War on Christmas?

As usual for this time of year, conservatives have trotted out their War on Christmas meme. Well, let’s say FoxNews has trotted it out, because I can’t find that much about this supposed war from other conservative sources. But, considering how ubiquitous Fox is on the conservative front, that’s not really saying all that much. They’re full of shit, of course, and this year Jon Stewart isn’t alone in saying so. There are plenty of people pushing back against the idea. However, I’ve come to believe there is a War on Christmas; just not the one Fox is talking about.

The war I’m seeing is waged by a society that puts more emphasis on feeling good about itself than it does about caring for those in need. The more I think about the original Christmas story, the more I don’t get how we celebrate Christmas in this country. I really begin to feel that when I read a little ditty we’ve come to know as the Magnificat. When Mary visited her cousin Elizabeth after an angel told her she was carrying God’s baby, she broke into song. Or poetry. Or whatever. Anyway, she said (among other things):

He shows mercy to everyone,
from one generation to the next,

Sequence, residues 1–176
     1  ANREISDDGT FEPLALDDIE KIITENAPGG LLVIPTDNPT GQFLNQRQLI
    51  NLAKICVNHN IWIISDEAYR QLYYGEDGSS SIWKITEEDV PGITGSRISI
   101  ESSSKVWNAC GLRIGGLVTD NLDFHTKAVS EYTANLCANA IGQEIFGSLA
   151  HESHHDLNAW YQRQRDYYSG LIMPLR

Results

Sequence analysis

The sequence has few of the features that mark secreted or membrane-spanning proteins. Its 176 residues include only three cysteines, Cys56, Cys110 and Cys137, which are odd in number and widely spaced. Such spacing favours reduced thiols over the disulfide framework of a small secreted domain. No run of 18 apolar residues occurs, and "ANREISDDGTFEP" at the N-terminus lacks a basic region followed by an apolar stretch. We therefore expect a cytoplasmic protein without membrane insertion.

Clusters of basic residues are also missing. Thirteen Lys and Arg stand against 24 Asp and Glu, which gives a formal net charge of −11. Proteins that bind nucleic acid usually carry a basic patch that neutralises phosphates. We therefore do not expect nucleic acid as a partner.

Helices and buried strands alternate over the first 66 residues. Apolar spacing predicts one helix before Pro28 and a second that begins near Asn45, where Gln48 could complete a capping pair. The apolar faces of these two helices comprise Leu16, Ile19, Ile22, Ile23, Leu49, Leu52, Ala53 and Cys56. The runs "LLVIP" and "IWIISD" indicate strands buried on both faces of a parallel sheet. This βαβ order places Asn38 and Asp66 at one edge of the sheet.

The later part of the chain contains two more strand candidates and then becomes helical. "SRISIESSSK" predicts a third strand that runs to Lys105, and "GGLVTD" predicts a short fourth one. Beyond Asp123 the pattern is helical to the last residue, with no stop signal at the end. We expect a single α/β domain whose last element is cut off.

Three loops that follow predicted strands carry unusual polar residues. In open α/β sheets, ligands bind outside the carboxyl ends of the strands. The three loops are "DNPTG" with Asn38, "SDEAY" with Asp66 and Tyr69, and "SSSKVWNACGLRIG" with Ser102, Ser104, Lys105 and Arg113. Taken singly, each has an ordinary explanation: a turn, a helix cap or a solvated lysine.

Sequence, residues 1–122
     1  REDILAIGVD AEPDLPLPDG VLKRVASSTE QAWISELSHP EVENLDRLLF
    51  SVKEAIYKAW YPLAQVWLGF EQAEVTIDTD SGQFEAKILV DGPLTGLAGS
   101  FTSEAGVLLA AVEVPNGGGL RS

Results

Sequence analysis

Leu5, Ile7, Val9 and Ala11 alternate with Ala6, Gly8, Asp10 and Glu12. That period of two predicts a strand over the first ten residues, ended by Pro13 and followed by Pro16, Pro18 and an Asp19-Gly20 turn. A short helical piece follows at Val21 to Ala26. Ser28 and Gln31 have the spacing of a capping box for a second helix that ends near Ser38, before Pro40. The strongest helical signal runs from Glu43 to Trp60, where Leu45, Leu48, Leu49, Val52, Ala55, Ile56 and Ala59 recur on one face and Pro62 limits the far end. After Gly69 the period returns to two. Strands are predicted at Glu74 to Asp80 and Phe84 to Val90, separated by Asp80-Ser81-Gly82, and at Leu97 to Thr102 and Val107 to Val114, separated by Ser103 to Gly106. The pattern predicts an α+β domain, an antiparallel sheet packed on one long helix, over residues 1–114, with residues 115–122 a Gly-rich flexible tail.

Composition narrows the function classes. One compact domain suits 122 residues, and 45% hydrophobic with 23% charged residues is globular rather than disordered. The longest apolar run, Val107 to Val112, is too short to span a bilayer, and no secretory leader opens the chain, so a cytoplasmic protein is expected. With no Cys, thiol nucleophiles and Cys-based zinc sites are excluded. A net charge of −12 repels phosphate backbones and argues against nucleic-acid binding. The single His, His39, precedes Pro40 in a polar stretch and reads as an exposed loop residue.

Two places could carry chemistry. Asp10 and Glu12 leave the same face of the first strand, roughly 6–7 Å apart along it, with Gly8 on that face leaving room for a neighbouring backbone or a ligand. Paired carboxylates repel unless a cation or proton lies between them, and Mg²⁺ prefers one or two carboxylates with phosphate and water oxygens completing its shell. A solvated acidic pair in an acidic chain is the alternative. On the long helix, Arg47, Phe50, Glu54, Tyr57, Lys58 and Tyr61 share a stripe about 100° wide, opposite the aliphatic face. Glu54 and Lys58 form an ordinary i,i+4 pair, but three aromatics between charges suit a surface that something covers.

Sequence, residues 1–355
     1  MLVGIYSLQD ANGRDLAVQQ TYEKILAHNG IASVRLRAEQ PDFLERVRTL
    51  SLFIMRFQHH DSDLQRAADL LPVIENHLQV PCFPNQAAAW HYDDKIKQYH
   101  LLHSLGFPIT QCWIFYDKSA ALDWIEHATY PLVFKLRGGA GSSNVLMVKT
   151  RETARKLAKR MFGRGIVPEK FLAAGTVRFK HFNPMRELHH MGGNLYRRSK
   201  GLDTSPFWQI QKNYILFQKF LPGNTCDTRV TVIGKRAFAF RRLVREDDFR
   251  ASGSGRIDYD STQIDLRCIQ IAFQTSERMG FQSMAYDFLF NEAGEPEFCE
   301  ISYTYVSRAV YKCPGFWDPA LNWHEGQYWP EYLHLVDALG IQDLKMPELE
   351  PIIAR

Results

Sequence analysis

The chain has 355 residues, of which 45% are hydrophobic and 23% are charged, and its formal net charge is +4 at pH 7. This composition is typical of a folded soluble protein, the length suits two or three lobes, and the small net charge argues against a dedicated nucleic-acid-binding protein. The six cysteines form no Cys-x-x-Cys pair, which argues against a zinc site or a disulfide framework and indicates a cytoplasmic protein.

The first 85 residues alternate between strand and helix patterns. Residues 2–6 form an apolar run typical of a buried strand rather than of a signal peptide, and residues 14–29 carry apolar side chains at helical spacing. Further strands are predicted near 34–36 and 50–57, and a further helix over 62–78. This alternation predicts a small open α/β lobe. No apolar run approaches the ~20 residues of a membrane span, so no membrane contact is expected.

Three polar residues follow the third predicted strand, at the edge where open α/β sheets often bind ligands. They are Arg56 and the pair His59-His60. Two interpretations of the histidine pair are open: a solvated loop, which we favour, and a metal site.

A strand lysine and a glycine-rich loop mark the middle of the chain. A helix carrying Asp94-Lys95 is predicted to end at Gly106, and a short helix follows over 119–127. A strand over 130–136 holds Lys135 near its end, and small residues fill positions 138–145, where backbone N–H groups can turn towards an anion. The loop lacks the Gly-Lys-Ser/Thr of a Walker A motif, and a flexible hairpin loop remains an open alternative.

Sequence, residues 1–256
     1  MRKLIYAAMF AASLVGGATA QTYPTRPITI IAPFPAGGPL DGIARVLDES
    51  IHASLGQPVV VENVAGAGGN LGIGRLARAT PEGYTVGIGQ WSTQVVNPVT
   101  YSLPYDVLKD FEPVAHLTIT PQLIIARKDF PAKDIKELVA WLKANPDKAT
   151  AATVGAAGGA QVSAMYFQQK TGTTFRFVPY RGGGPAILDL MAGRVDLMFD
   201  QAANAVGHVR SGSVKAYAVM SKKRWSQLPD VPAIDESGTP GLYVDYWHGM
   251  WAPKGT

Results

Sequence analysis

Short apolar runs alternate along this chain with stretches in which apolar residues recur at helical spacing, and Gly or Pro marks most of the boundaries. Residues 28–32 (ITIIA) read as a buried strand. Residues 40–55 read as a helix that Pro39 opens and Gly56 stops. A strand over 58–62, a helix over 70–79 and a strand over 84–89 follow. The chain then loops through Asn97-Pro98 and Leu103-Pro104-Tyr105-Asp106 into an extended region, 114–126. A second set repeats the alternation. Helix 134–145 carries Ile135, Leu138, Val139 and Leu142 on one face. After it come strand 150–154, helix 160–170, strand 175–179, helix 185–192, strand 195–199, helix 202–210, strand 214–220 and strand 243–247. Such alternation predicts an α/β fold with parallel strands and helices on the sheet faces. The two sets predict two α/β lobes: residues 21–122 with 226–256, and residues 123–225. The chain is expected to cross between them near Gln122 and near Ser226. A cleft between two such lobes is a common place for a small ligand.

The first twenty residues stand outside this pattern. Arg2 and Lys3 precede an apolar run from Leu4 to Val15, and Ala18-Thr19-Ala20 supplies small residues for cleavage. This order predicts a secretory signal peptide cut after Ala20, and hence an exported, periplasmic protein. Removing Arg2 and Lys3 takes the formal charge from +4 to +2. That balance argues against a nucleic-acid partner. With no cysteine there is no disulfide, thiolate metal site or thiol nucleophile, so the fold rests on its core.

who honors him as God.
He has shown strength with his arm.
He has scattered those with arrogant thoughts and proud inclinations.
He has pulled the powerful down from their thrones
and lifted up the lowly.
 He has filled the hungry with good things
and sent the rich away empty-handed.
He has come to the aid of his servant Israel,
remembering his mercy,
just as he promised to our ancestors,
to Abraham and to Abraham’s descendants forever.”

This proclamation of God’s intent for the child in Mary’s womb doesn’t mince words. Jesus was meant from His conception to bring comfort and relief to the poor and oppressed of this world, not to help the rich and powerful. And, we celebrate this by making the rich and powerful more rich and powerful? Like I said, I just don’t get it.

In a piece for The God Article (also published on The Huffington Post and Sojourners), Mark Sandlin talks about how the Christmas story has been hijacked by the dominant culture. That same argument could be made for Christianity in general. A story (and a faith) meant to bring relief and comfort to the poor and oppressed of the world has been whitewashed and sanitized not only to make those in power more comfortable, it’s being used to further their aims. Don’t think so? Then, why is the Christmas buying season so important? It’s because it fills the coffers of corporations and lines the pockets of the wealthy. If we’re going to celebrate the birth of Jesus, wouldn’t it be better to do it by reclaiming the faith we’ve founded on His teachings? And, by that I mean bringing relief and comfort to the poor and oppressed. Because that’s what this season is really all about.